That is not fair. We should not be doing that. It is not right. What does this budget do to address that problem? Nothing.
In a townhall meeting I was at in Lincoln recently, I said: If you are 62 years old, it is probably going to work out for you. We will probably borrow enough money to get Medicare and Social Security throughout my life. For those 40-year-old Members in the Senate or citizens who come to my townhall meeting, I am sorry, but I cannot make that promise to them. The trustees are telling us we cannot make that promise.
We waited 4 years for a budget from the majority. Year after year the majority leader would come down, stand right there and say: We are not going to be doing a budget this year. I wonder what the city council meeting would have been like if I would have gone down in Lincoln, NE, and said: I have been thinking about this, and I will not be doing a budget this year for the city of Lincoln. As Governor, I cannot imagine walking into our chamber back home and saying: I have been thinking about it, and I will not be doing a budget this year. Justifiably so, the people of the great State of Nebraska would have been looking for a new Governor and trying to figure out how to run the existing Governor out of office. Yet that is what we have been doing for the last 4 years.
We have waited 4 years, and we finally get a budget that does nothing for this country except increase taxes, increase the debt, increase spending, increase borrowing, and lay it off on our kids and grandkids with whom we will all go home and spend time this weekend--if we get out of here. It is not right.
Even the newspapers have figured it out. USA Today says:
Disappointing ..... namby-pamby plan that underwhelms at every turn ..... neither balances the budget or reins in entitlements.
Now, I read the Washington Post, but I have to say, they are not always the most favorable to Republicans, and that is the understatement of the day. Here is what the
Washington Post said: ``Gives voters no reason to believe Democrats have a viable plan.'' Boy, talk about a condemnation of a plan.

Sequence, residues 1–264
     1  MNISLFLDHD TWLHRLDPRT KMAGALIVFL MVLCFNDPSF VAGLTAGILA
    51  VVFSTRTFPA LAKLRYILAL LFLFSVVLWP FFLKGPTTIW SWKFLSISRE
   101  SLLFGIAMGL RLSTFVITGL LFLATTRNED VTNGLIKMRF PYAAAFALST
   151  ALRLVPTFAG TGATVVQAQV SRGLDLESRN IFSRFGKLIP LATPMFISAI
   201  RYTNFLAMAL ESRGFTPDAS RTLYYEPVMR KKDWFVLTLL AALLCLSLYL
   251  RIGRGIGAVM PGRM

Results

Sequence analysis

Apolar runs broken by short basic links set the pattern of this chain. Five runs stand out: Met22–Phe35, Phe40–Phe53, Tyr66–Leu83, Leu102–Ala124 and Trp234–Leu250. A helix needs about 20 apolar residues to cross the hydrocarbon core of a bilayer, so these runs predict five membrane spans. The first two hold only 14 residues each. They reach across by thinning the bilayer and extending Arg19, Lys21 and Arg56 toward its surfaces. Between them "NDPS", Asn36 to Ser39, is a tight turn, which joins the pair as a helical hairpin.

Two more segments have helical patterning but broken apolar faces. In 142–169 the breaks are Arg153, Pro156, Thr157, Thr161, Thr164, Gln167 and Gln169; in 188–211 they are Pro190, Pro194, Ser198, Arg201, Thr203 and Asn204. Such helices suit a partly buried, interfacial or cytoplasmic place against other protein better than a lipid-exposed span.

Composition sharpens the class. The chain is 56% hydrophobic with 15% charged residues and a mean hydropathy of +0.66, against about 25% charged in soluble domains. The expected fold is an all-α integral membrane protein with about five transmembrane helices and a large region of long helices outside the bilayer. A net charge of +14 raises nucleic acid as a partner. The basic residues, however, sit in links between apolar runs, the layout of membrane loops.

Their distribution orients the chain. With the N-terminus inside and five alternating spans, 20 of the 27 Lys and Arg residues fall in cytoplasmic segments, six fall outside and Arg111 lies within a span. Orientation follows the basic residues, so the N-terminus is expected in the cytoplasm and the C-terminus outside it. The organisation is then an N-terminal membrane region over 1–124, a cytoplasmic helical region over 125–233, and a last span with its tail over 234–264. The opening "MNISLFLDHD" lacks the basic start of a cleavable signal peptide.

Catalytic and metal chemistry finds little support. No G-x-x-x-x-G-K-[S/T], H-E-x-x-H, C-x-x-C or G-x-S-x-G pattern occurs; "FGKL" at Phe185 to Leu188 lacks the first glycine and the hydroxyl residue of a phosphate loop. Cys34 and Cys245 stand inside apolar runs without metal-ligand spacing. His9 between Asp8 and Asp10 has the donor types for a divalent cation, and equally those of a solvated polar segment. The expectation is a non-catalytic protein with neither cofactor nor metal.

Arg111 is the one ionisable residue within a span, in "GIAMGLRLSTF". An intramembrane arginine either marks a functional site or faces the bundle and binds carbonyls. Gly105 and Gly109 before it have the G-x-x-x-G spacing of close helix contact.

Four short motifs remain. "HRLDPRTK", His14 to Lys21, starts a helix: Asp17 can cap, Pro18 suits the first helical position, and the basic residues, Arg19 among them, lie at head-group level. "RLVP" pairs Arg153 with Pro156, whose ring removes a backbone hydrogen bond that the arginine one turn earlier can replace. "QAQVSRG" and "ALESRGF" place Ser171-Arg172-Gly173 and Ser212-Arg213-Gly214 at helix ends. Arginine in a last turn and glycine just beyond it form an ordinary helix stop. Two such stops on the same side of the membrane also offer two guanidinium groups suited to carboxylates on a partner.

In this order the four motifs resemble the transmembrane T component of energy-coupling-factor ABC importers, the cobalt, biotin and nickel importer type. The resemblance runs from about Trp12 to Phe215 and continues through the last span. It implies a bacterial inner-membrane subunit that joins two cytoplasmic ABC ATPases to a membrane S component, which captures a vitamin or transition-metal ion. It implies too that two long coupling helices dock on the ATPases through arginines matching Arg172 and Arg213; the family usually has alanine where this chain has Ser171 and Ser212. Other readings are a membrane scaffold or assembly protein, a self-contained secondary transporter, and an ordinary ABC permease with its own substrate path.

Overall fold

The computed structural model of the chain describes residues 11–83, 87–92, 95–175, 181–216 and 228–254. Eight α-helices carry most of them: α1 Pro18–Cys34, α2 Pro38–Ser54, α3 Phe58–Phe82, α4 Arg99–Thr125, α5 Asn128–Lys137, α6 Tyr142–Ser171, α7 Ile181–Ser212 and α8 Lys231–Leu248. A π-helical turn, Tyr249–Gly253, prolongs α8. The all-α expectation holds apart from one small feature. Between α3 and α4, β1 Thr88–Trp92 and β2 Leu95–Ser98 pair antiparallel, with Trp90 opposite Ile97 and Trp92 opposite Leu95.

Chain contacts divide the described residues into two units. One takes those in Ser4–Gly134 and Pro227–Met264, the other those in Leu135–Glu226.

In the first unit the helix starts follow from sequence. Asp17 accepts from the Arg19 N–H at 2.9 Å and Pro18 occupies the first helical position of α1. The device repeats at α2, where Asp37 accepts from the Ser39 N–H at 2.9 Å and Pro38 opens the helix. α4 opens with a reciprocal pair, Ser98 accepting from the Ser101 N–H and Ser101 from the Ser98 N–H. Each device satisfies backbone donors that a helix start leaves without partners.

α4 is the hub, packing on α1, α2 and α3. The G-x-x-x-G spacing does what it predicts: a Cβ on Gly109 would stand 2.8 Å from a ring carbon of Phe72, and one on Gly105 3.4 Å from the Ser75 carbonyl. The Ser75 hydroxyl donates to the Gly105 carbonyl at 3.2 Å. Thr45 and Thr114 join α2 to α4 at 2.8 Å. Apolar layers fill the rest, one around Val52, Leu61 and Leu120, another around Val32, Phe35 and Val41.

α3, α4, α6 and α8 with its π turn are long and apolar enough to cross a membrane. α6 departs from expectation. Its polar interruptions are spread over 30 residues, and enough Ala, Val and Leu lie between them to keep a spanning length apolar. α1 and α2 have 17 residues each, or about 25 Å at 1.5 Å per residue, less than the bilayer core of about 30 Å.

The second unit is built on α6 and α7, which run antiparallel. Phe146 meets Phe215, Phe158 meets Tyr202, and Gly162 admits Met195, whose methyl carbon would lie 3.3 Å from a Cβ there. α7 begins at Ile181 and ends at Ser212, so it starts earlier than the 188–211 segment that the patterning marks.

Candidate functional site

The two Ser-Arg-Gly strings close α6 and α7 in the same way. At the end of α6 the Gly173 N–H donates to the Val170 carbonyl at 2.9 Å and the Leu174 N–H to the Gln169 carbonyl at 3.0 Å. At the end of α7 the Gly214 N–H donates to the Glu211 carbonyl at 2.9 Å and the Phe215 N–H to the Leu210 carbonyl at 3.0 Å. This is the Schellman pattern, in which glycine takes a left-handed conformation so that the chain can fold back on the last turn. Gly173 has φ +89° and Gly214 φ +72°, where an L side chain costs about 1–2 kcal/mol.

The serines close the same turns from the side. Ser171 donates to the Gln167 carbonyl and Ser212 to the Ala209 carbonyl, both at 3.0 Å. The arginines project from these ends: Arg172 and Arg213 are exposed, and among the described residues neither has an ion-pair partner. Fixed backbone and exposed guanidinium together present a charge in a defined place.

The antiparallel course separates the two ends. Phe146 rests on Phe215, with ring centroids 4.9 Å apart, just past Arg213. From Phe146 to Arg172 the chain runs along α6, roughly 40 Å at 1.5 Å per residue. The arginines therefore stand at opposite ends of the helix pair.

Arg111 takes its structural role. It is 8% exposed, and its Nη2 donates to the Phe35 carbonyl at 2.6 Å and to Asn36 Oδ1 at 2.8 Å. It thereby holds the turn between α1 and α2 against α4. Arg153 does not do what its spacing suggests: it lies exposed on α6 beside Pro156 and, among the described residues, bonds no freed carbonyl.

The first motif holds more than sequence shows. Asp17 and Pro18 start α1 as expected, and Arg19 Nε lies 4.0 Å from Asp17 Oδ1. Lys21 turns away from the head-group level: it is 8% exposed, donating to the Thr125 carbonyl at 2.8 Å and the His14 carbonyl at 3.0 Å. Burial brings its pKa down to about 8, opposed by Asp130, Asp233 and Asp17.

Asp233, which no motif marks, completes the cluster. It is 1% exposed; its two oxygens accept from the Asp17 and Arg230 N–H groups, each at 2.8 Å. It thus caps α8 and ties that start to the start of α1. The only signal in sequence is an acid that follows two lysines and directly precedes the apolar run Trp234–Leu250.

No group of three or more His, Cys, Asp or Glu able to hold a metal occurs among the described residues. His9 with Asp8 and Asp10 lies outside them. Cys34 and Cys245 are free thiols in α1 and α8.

The Wall Street Journal said: ``Much higher taxes to fund much higher spending to finance a much bigger government.''
The Hill said: ``The Murray budget does not contain net spending cuts with the sequester turned off.''
I talked at length today about going home and explaining what a ``yes'' vote would mean on this budget. I am not going to do that. I am not going to go home and tell people I voted for this budget. I just want people to know right now that I will be a ``no'' vote on this budget. I will be a ``no'' vote because somebody has to stand for the people who are ultimately going to pay the bill.
We cannot pull the wool over the eyes of Nebraskans. They are just too darn discerning. They do not believe for a moment that all of this debt and spending and taxation is going to be financed by the rich guys. They realize that at the end of the day, this is going to visit home, and this is going to hammer the very people who are out there ranching, farming, running small businesses, and trying to pay their bills and educate their kids so maybe even they can leave a little something behind for the grandkids. That is what we are facing.
We are facing literally a situation where if we don't stand up to this, the day is not very far off where people's Social Security is in jeopardy, their Medicare is in jeopardy, Medicaid is in jeopardy, and we leave our children and grandchildren with this massive pile of debt. There is just no way to deal with it unless we just slam their standard of living and tax the living daylights out of everybody, and that is where this is headed. There is no way I could justify this vote back home.
I proudly announce that today I will be a ``no'' vote on this budget resolution, and I will do everything I can to stop it. It is the wrong course for our country.
I yield back to the Senator from South Dakota.
BREAK IN TRANSCRIPT